3. By 1999, arrest rates for violent crimes—with the exception of aggravated assault—had fallen below 1983 levels. Arrest rates for aggravated assault remain almost 70 percent higher than they were in 1983, and this is the offense most frequently captured in self-reports of violence.
  4. Despite the present decline in gun use and in lethal violence, the self-reported proportion of young people involved in nonfatal violence has not declined from the peak years of the epidemic, nor has the proportion of students injured with a weapon at school declined.
  5. The proportion of schools in which gangs are present continued to increase after 1994 and has only recently (1999) declined. However, evidence shows that the number of youths involved with gangs has not declined and remains near the peak levels of 1996.
  6. Although arrest statistics cannot readily track firearm use in specific serious crimes other than homicide, firearm use in violent crimes declined among persons of all ages between 1993 and 1998.
  7. The steep rise and fall in arrest rates for homicide over the past two decades have been matched by similar, but less dramatic changes in some of the other indicators of violence, including arrest rates for all violent crimes and incident rates from victims' self-reports. This pattern is not matched by arrests for selected offenses, such as aggravated assault, or incident rates and prevalence rates from offenders' self-reports.
  8. Young men—particularly those from minority groups—are disproportionately arrested for violent crimes. But self-reports indicate that differences between minority and majority populations and between young men and young women may not be as large as arrest records indicate or conventional wisdom holds. Race/ethnicity, considered in isolation from other life circumstances, sheds little light on a given child's or adolescent's propensity for engaging in violence.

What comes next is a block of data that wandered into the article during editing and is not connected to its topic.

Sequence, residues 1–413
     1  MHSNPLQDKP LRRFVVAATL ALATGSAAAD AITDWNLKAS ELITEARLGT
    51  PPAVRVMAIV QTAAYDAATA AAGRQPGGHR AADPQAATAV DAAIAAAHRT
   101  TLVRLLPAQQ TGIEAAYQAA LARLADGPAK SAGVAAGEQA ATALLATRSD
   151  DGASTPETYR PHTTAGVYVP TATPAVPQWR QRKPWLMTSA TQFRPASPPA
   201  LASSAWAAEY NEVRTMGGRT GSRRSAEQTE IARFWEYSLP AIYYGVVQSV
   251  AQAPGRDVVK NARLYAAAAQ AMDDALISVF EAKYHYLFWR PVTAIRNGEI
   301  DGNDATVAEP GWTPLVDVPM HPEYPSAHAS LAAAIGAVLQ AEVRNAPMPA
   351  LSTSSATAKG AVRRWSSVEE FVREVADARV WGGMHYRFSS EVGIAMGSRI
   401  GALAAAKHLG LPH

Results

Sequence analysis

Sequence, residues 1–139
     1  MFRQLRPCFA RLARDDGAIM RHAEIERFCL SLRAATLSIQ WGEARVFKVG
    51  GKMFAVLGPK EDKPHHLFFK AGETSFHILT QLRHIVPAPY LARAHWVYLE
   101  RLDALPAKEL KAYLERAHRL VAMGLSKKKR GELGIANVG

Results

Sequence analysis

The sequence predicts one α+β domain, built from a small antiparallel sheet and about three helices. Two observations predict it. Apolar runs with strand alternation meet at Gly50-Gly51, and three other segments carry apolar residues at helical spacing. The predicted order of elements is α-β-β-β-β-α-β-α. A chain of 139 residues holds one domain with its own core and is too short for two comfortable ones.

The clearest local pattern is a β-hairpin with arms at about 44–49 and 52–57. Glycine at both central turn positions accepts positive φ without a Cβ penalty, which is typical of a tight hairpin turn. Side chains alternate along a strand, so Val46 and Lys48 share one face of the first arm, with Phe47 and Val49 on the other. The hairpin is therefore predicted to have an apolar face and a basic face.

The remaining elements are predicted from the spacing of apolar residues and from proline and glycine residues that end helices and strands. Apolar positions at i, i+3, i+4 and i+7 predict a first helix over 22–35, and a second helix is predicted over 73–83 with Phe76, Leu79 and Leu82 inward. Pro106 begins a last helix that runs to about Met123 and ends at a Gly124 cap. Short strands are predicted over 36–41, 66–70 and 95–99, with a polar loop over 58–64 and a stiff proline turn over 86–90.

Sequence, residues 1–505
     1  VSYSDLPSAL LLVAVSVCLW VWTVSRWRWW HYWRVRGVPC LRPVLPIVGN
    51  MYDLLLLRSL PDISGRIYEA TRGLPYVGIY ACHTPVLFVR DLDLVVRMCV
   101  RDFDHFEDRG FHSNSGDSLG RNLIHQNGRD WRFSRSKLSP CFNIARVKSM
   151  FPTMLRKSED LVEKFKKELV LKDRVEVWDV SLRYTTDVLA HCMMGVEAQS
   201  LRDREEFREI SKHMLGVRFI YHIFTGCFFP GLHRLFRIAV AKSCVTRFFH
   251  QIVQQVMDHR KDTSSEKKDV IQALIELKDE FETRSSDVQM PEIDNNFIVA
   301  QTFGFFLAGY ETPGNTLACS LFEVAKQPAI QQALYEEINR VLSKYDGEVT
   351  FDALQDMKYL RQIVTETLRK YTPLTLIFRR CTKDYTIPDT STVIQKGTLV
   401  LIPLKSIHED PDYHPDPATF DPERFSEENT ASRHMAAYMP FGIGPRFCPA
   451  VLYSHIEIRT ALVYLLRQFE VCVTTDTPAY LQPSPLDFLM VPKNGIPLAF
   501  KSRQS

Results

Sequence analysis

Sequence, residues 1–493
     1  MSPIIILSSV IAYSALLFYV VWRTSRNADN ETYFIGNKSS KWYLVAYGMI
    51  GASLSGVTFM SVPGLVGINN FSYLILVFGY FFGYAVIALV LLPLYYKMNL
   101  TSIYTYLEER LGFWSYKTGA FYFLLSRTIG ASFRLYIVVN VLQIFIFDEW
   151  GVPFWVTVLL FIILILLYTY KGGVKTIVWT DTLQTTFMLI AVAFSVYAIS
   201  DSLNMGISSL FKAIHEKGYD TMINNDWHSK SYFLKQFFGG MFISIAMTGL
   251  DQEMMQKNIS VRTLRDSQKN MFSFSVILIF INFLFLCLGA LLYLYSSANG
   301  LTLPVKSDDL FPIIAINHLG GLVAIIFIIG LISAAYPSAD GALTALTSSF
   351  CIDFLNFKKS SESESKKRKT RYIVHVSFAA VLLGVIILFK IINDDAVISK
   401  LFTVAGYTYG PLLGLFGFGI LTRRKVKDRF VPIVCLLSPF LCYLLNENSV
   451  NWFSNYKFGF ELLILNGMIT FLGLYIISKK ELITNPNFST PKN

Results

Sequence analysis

9. Schools nationwide are relatively safe. Compared to homes and neighborhoods, schools have fewer homicides and nonfatal injuries. Youths at greatest risk of being killed in school-associated violence are those from a racial or ethnic minority, senior high schools, and urban school districts.

Chapter 3

  1. There are two general onset trajectories for youth violence—an early one, in which violence begins before puberty, and a late one, in which violence begins in adolescence. Youths who become violent before about age 13 generally commit more crimes, and more serious crimes, for a longer time. These young people exhibit a pattern of escalating violence through childhood, and they sometimes continue their violence into adulthood.
  2. Most youth violence begins in adolescence and ends with the transition into adulthood.
  3. Most highly aggressive children or children with behavioral disorders do not become serious violent offenders.
  4. Surveys consistently find that about 30 to 40 percent of male youths and 15 to 30 percent of female youths report having committed a serious violent offense by age 17.